From ‘tutong’ to ‘halabos’: Celebrating PH cooking techniques | Lifestyle.INQ

OCTOBER 27, 2022

Halabos Prawns with Prawn Aligue and Toyo-Mansi


For promising young chef Don Patrick Baldosano, whose Linamnam Private Dining had been continuously busy since it opened in August 2019, the lockdown proved to be a most welcome break, as not only did he get to rest, but he also got to further refine his food and concept.

“The first thing I did was analyze the past menus I’ve done, and figure out how I could make things more in tune with our culture, and how I could deliver that to our guests,” the 21-year-old says.

“I also spent a lot of time trying to grow a lot of my own produce so that I can control how they mature. I got into raising animals that we can use for the restaurant, as well.”

He used his time wisely, and was able to come up with a tighter and more solid-tasting menu in time for the opening of restaurants after the quarantine. His menu is composed of 11 courses that focus on and celebrate different cooking techniques practiced in Philippine cuisine, such as relleno, fermentation and the age-old preservation processes from Sagada.

There is kinilaw in the form of Pampano Belly, dry aged in fat, along with smoked takla from Marinduque and a golden coconut tuba sauce. Though kinilaw isn’t new, the flavor and experience of eating his version are; as the fish is very high in fat, it’s seasoned with local pistol shrimp with a more potent seafood taste, balanced with acid in the form of an alcoholic beverage.

For mains, he has a straightforward dish called Kanin that puts the spotlight on rice.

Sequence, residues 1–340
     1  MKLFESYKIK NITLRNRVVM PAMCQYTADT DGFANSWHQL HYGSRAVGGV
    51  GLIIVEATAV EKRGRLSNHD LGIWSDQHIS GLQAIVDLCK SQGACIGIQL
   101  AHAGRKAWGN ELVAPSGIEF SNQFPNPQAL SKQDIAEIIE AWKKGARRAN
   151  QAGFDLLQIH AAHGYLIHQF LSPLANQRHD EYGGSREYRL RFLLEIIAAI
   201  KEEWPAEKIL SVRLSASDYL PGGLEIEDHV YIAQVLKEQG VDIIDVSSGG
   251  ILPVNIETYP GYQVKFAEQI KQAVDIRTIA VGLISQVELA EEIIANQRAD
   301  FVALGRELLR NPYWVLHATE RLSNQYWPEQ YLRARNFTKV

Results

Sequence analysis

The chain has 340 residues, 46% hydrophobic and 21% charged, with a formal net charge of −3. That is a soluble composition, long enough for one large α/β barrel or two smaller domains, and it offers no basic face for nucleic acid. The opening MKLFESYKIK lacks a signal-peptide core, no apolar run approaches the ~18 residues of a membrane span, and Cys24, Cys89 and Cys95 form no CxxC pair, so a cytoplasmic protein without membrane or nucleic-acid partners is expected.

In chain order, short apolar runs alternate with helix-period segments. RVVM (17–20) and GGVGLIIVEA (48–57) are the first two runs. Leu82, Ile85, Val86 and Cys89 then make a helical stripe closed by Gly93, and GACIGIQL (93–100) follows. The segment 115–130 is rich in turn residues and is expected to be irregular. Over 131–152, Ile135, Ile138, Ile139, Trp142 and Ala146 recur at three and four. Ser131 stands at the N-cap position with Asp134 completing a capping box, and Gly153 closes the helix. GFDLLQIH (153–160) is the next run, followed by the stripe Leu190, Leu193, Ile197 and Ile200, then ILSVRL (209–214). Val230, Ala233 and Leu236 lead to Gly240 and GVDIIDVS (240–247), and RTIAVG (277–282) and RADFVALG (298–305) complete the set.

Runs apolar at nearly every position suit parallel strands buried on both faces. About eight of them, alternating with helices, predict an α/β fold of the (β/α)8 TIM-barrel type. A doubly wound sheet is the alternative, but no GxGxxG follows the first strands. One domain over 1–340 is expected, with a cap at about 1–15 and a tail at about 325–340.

Chef Don Baldosano at work

“I’ve been wanting to put a tutong (scorched rice) dish on the menu, as it is one of my favorite things to eat,” he says. “I wanted to create a dish that does not exist yet in our cuisine, but once you taste it, you will know it is Filipino, just like everything else that we do here.” A flat disc of pili-­nut tutong rice is smeared with pina­kurat mayo and crowned with hibe katsuobushi and edible santan flower.

The pandemic has affected foot traffic at Linamnam, but that hasn’t discouraged this eager and talented chef.

Baldosano shares an easy recipe that was inspired by something he learned in the kitchen the hard way.

“At the first restaurant I ever worked in, I made a grave mistake that remains seared in my brain to this day,” he says.

“I was only a month into working in a professional kitchen and on that day, we had a reservation for a group of 30, eight of whom had prawn allergies. I put the final garnishes on all the plates and forgot to wash my hands after meddling with the prawns. I got screamed at pretty badly and the worst part was, we had to redo the orders on the fly.”

He adds, “Before, when making a menu, I had this attitude of ‘I’m gonna cook whatever I want.’ But I eventually came to a realization that there always has to be a balance. I can make the dishes I want while considering what my guests will like, as well.”

Linamnam is at Greenvale 2, Marcelo Green Village, Parañaque City; tel. 0917-5730246

Halabos Prawns with Prawn Aligue and Toyo-Mansi

Halabos Prawns with Prawn Aligue and Toyo-Mansi

Serves 1

Prep time: 15 minutes5 pieces fresh prawns

1 Tbsp atsuete oil

1 clove garlic, chopped

20 g sotanghon noodles

¾ Tbsp calamansi juice

¾ Tbsp soy sauce

2 Tbsp vegetable oil, plus more for deep frying

Salt, to taste

Sugar, to taste

White pepper, to taste

Malunggay leaves, to garnish

Chilli leaves, to garnish

Sliced kamias, to garnish

In a sauce pan, bring some water to a simmer. Season with sugar and salt. Cook the body of prawns in simmering water just until the color changes. Set aside to cool. Peel, then slice prawns in half.

Sauté the heads and crushed garlic in atsuete oil then cover with a cup of water. Simmer for five minutes. Strain, pour back in pan and reduce until only one tablespoon of sauce is left. Use the sauce to glaze the prawns with a brush, then transfer to a plate.

Deep-fry the sotanghon in 180C for about 10 seconds. Transfer to a plate lined with paper towel. Season with salt, sugar and white pepper. Lightly crush the noodles with your fingers and spread around the prawns.

Mix soy sauce, calamansi juice and 2 Tbsp of oil to make a vinaigrette. Place the vinaigrette on the side of the prawns then garnish the dish with malunggay, kamias and chili leaves.

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